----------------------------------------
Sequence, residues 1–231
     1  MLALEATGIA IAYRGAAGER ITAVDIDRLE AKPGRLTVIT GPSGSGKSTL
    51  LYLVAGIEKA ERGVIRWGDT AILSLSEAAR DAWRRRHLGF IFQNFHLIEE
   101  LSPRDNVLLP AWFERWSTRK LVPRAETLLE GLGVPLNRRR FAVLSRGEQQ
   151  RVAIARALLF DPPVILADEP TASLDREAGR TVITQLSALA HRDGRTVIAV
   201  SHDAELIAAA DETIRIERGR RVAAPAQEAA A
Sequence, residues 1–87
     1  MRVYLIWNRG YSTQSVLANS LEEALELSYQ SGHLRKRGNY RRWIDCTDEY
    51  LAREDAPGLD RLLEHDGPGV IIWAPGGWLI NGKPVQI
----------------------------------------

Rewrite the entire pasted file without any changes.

Sequence, residues 1–231
     1  MLALEATGIA IAYRGAAGER ITAVDIDRLE AKPGRLTVIT GPSGSGKSTL
    51  LYLVAGIEKA ERGVIRWGDT AILSLSEAAR DAWRRRHLGF IFQNFHLIEE
   101  LSPRDNVLLP AWFERWSTRK LVPRAETLLE GLGVPLNRRR FAVLSRGEQQ
   151  RVAIARALLF DPPVILADEP TASLDREAGR TVITQLSALA HRDGRTVIAV
   201  SHDAELIAAA DETIRIERGR RVAAPAQEAA A
Sequence, residues 1–87
     1  MRVYLIWNRG YSTQSVLANS LEEALELSYQ SGHLRKRGNY RRWIDCTDEY
    51  LAREDAPGLD RLLEHDGPGV IIWAPGGWLI NGKPVQI